The members of the expedition had an exceedingly dim idea of the size of the countries they were dealing with and more than one of Magellan's men thought he had made a liberal estimate in the statement that Verzin, or Brazil, in size exceeded all France. They did not seem to entertain the dimmest idea of the extent of the country, and probably would not have believed the fact that in extent Brazil is equal to Europe. The population of the country excited their lively interest and not a few stories were picked up by the sailors as to the lives and domestic habits of the people. Extravagant enough were these tales to the men of that or any other time, and yet they were readily believed. The natives of the coast told wonderful yarns of the people of the interior and no story was too incredible to be recorded by the historian. The Upland Indians were 400 feet high, and lived to be two hundred years old; they never slept because when they once lay down their joints were too stiff to rise again, so that when they rested they leaned against trees or placed their elbows on mountains. They adored a god which appeared to them once a year; they had houses the lowest of which was taller than the loftiest mountain; there was gold in such abundance that it was a thing of no regard; the streets were paved with it; the king of that country had it sprinkled before him in yellow showers whenever he walked abroad.


Greedily the eyes of the Spaniards distended when these monstrous fabrications were commended to their attention, and some were in favor of ending the marine expedition then and there and instituting a land march to this marvellous country of gold and giants; but Magellan said no, he had not started to hunt giants nor to find gold, but to seek a western passage to the Moluccas and the Moluccas he was determined to find. So, leaving the bay of Rio de Janeiro the expedition sailed south, and entered the wide estuary of La Plata which they deemed the passage of which they were in search. Sailing up the bay they continued some distance before they discovered it was not a strait, and even the limited geographical knowledge of that time taught Magellan that by sailing up a fresh-water river he must sooner or later come to the end of it, and back the ships turned, sailed out of the La Plata and continued to the south.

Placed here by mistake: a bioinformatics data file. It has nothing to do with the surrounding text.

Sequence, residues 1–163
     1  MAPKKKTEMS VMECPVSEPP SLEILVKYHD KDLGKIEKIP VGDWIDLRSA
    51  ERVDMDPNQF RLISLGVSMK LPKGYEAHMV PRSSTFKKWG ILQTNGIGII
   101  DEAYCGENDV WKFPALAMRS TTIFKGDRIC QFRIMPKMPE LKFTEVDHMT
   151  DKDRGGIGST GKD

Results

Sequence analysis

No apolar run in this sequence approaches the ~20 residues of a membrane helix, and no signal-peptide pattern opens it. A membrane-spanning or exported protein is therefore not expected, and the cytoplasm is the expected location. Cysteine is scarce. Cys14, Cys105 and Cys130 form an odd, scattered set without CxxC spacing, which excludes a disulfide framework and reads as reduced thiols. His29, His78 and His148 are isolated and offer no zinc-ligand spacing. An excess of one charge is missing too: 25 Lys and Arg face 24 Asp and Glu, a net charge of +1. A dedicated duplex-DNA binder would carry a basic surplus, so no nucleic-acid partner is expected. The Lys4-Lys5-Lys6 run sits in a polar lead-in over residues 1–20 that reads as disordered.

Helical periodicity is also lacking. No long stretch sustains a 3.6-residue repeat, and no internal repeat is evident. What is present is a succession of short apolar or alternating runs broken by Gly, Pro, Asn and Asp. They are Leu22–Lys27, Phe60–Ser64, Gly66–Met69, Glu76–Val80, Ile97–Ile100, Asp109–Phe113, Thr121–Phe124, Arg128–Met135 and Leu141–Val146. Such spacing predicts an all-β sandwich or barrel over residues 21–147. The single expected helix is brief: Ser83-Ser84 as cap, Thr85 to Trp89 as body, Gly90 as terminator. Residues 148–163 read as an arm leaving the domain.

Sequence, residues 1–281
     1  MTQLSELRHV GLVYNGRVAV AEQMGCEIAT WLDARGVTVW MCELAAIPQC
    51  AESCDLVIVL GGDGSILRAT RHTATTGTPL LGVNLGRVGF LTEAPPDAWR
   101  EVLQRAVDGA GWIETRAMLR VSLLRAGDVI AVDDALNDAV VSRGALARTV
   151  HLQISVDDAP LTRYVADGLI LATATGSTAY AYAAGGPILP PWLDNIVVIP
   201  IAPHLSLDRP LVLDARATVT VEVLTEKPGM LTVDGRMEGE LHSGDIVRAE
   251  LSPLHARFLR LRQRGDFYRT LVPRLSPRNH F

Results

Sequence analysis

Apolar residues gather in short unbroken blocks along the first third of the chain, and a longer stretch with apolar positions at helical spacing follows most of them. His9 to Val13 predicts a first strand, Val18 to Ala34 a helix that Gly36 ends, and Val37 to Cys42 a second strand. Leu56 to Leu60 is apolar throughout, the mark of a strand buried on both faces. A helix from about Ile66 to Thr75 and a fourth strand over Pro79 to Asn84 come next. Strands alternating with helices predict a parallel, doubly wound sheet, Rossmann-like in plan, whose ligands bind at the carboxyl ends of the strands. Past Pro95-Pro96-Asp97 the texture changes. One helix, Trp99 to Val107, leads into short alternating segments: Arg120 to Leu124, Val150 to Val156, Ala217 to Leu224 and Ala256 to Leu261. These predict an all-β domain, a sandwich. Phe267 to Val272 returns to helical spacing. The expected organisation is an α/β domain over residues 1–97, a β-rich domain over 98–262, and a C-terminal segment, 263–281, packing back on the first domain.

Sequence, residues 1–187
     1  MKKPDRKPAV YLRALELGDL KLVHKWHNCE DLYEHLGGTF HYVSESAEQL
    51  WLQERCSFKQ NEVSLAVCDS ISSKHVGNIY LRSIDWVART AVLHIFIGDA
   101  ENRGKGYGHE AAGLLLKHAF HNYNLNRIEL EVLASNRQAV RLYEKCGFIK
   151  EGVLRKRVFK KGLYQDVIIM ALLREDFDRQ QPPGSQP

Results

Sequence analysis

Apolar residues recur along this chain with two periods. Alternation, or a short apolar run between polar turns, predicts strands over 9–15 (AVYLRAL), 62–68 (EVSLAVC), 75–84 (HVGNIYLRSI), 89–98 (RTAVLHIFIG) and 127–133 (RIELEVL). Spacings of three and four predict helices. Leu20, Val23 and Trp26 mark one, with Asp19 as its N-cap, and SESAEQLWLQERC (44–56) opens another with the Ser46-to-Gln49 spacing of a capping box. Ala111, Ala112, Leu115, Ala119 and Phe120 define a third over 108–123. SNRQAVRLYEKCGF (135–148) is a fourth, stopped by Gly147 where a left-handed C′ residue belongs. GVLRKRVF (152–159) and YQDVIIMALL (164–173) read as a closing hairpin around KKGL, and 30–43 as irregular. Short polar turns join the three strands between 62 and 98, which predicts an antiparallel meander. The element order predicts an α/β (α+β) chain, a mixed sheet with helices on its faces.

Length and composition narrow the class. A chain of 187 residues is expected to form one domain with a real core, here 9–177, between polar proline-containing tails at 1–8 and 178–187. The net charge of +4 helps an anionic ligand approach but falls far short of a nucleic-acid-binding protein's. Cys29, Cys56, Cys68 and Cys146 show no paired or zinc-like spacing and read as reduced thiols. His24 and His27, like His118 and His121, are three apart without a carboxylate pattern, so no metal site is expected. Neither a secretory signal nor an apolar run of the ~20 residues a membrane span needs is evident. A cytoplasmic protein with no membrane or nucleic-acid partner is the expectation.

Their next landing was among the Patagonians, and when the huge black forms of these people appeared on the coast, the sailors readily believed that they had in reality arrived in the land of giants. But so far from being savage, the Patagonians received them kindly, brought them food, guided them to water, and in every way possible supplied the wants of these strangers whom they regarded as having come down from heaven. The kind welcome, however, was ill-requited, for several of the Patagonians were kidnapped by the Spaniards, and some of them put in irons in order to detain them on the vessels. In this land, too, they found
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cannibals and accounted for the origin of cannibalism by a story that was told to them in sign language by one of the Patagonians, who explained that once upon a time there was an old woman who had an only son. Her boy was killed by a man of the neighboring tribe, and the murderer being taken, was brought into the presence of the bereaved mother. In her fury she ran at him and bit a piece out of his shoulder which so affrighted the captive that despite the strength and vigilance of his jailors he broke from them, escaped to his own people, and told them that he came near being eaten. In retaliation they really ate the next prisoner they made, and so step by step the regular practice of devouring prisoners was introduced among the South Americans. But as the Spanish historian explains, "they do not eat him all, but cut the best of him into little bits, and hang them in the chimney to dry, so that he will not spoil."